I do think there’s a serious risk that we’ll extract, say, half that amount, and reach quadrupled (from pre-industrial) CO2 levels some time in the century after this one. That would require extracting what are currently low grade and unprofitable reserves, but they will become more profitable as other sources are depleted.

      • Giampiero Campa says:

        So since we seem to burn 0.008 Tt/year, we have

        0.008* 206 = 1.648 Tt

        (i know, i know, a lot of hidden assumptions here).

        I am going to use John’s line of reasoning in this post

        So, naively, we can estimate 200 ppm of carbon dioxide per teraton of carbon burnt. If we burn 4.8 teratons by 2300, we’ll then have 960 ppm carbon dioxide in addition to the original 290, for a total of 1250 ppm.

        so 1.6 Tt more gives a 200*1.6 = 330 ppm increase, resulting in

        1250+330=1580 ppm

        which (very roughly) looks like half a degree increase (with on a scale 3*log(ppm/290)/log(2)

        Now this is just America, so adding other continents could mean 3 or four times the additional 330 ppm, which will lead to basically a 9C increase over preindustrial levels. Not counting the many effects that could make things worst and (the few that could make things better).

        I don’t know how much it makes sense. You guys are the experts here, so let me know.

        By the way i know that the numbers given by Nathan in his reply here suggest 470ppm but i am using just burned carbon in my reasoning here, not the carbon that actually stays in the atmosphere …

        • Giampiero Campa says:

          Our posts crossed again :-)

          I am not sure if these new reserves available are to be considered as part of the “6±1.2 trillion metric tons of carbon are available to be burnt” or additional ones though …

  4. John Baez says:

    Over on Google+, Tad Thurston points out this National Public Radio story and writes:

    I hope this turns out to be at least mostly right. While I’m very concerned about our influence on global climate, in my opinion it is even more important (and provides one of the greatest influences on national security) to be energy-self-sufficient. To be energy exporters is even better. So to me it’s critical to exploit these resources in as short a term as possible and also, as the article suggests, invest heavily in cleaner long-term (nuclear, solar) solutions.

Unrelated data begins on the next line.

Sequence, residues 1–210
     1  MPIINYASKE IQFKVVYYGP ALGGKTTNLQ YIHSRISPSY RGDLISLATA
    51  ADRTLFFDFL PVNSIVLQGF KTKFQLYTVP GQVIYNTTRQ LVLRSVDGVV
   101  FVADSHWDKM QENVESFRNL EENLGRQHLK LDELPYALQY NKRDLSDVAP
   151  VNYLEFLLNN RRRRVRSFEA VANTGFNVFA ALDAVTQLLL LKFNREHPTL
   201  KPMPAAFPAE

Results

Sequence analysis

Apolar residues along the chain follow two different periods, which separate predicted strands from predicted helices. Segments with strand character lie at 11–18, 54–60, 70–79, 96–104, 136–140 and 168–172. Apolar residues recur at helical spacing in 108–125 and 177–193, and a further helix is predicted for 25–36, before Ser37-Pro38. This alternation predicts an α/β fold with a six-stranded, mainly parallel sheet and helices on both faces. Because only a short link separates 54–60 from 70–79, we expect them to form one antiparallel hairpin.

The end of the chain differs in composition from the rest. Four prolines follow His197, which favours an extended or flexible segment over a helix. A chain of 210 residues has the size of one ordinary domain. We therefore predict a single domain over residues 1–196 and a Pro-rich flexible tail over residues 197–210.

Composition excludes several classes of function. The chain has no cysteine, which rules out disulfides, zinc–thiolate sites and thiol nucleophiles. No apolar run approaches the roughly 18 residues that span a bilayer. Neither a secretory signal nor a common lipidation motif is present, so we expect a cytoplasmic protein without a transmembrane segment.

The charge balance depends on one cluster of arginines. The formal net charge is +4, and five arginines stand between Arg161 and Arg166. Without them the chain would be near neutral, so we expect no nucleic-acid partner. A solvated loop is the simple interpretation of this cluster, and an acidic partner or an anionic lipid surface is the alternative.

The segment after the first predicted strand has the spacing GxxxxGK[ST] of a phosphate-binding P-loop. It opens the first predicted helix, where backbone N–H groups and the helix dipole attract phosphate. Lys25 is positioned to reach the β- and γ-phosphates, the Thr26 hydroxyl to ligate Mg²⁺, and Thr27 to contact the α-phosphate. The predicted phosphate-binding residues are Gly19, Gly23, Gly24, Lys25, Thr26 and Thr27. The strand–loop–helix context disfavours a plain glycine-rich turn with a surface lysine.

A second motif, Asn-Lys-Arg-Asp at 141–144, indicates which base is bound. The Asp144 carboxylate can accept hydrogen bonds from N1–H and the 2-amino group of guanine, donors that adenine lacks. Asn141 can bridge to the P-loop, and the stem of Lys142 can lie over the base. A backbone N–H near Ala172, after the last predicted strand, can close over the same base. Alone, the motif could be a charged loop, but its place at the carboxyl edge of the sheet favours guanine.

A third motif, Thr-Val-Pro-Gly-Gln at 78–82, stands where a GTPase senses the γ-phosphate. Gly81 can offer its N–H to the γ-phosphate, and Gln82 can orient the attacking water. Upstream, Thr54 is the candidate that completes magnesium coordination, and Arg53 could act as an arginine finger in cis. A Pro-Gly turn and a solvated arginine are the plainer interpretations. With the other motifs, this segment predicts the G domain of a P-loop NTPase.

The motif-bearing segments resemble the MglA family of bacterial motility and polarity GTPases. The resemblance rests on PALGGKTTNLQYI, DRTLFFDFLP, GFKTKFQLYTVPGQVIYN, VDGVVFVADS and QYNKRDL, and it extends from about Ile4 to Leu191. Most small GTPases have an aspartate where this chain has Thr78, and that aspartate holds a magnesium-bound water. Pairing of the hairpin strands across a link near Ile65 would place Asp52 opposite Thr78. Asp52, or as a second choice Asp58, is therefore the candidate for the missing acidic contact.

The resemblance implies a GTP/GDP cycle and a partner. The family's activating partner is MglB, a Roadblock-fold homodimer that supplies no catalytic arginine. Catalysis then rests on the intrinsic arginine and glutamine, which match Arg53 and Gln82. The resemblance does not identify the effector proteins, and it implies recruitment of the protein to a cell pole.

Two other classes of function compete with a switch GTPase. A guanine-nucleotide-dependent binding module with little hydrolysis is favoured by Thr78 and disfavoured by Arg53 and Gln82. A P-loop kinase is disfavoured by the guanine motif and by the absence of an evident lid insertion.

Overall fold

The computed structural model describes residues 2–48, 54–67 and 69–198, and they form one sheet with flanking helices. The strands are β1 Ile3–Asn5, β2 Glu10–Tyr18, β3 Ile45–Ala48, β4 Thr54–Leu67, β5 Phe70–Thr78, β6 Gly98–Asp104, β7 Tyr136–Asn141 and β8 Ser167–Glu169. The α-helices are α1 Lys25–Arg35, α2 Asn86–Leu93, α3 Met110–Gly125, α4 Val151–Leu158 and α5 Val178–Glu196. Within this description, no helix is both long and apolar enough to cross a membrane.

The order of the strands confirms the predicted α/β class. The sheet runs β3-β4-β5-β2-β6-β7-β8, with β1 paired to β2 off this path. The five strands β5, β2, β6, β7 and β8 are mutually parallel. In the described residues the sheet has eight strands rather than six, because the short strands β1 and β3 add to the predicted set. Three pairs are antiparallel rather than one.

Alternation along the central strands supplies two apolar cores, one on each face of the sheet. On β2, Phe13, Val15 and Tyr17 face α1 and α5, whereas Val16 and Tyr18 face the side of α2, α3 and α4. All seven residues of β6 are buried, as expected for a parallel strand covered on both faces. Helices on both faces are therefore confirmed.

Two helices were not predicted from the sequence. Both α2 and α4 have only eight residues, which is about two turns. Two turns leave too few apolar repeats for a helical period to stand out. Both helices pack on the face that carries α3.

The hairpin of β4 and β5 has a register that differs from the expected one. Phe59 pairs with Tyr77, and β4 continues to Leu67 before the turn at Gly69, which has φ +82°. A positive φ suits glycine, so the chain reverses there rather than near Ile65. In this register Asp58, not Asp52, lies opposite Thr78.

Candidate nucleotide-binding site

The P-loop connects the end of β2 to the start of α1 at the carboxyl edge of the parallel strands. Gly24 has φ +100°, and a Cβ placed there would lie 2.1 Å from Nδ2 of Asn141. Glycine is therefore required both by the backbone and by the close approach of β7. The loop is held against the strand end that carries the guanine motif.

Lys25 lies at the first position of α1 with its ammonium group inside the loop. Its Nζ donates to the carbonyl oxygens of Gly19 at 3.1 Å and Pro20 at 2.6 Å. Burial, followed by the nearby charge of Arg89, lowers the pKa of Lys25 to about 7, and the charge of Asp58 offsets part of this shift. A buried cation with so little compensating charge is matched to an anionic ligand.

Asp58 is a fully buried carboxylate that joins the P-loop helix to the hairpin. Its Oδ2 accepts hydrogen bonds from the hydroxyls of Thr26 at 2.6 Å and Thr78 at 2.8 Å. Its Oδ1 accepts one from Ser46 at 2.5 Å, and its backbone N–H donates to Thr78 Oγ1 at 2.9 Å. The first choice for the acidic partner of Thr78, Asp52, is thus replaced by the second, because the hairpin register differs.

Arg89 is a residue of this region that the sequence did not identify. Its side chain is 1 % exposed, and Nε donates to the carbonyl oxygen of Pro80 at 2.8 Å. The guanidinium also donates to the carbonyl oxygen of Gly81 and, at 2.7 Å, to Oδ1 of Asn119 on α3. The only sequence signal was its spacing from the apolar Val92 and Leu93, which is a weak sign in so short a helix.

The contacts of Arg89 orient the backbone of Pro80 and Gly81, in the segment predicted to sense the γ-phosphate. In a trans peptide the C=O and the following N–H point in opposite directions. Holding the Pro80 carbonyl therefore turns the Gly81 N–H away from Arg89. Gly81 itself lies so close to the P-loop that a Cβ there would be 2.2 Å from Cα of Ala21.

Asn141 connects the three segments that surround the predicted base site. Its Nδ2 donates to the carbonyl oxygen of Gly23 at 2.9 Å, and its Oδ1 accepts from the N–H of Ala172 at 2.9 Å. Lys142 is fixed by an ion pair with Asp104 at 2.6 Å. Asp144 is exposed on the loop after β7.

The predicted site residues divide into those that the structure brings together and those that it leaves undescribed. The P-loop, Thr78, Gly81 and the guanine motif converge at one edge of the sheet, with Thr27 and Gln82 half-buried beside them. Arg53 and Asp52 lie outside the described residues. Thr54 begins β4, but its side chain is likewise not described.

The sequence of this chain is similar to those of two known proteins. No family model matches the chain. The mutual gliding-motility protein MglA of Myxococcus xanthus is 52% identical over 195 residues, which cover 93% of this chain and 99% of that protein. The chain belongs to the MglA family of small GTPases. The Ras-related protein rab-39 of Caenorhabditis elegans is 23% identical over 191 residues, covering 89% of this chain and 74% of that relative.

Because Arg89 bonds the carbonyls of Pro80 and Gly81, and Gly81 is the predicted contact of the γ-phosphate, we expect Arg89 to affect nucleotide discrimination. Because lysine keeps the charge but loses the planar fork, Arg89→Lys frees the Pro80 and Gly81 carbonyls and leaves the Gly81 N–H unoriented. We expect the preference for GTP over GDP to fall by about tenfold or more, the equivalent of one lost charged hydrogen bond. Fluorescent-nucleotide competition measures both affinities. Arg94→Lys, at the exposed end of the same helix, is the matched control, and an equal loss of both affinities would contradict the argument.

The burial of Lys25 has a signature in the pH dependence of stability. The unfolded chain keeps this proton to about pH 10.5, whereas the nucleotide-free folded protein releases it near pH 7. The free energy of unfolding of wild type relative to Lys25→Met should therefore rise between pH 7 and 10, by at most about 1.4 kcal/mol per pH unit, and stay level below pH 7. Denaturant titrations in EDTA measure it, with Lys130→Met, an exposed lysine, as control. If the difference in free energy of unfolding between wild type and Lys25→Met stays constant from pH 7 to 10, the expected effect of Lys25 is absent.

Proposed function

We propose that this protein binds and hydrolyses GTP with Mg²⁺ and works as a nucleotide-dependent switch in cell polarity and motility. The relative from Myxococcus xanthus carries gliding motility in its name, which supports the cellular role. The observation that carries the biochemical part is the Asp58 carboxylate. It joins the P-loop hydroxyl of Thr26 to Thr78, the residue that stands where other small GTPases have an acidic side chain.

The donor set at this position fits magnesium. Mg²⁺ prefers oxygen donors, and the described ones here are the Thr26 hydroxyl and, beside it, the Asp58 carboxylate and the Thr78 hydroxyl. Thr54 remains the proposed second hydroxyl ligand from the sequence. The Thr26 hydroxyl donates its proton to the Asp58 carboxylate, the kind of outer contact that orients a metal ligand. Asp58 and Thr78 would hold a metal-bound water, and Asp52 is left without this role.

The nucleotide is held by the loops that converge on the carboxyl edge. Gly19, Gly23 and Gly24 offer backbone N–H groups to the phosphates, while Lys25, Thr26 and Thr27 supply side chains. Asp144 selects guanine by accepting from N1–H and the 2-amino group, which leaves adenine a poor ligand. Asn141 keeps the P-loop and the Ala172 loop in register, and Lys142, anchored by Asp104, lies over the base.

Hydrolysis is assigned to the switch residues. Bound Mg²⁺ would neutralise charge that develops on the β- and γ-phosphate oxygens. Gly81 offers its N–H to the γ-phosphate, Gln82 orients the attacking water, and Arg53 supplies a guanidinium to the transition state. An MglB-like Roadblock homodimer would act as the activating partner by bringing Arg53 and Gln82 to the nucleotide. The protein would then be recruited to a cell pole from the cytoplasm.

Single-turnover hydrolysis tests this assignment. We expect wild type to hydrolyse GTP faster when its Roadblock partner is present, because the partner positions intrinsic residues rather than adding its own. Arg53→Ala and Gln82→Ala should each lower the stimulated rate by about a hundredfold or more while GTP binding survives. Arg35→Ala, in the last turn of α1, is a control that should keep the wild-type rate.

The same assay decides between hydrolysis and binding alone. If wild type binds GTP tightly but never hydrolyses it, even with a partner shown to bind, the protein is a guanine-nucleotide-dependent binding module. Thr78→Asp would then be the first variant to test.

I replied: “To be energy exporters is even better.” Really?

    • Michael Lewin Ross, Does oil hinder democracy?, World Politics Volume 53, Number 3, April 2001, pp. 325-361

    Some scholars suggest that the Middle East’s oil wealth helps explain its failure to democratize. This article examines three aspects of this “oil impedes democracy” claim. First, is it true? Does oil have a consistently antidemocratic effect on states, once other factors are accounted for? Second, can this claim be generalized? Is it true only in the Middle East or elsewhere as well? Is it true for other types of mineral wealth and other types of commodity wealth or only for oil? Finally, if oil does have antidemocratic properties, what is the causal mechanism?

    The author uses pooled time-series cross-national data from 113 states between 1971 and 1997 to show that oil exports are strongly associated with authoritarian rule; that this effect is not limited to the Middle East; and that other types of mineral exports have a similar antidemocratic effect, while other types of commodity exports do not.

    Given the already astounding gap between the rich and the poor in the US:

    and the remarkably low taxes on corporations (caused by the takeover of the democratic process by lobbyists and millionaire politicians):

    maybe this oil boom will leave the US looking more like an oil-rich third world country in another few decades. I’m not saying it’s inevitable, but it’s a possibility.

    • John Baez says:

      …maybe this oil boom will leave the US looking more like an oil-rich third world country in another few decades.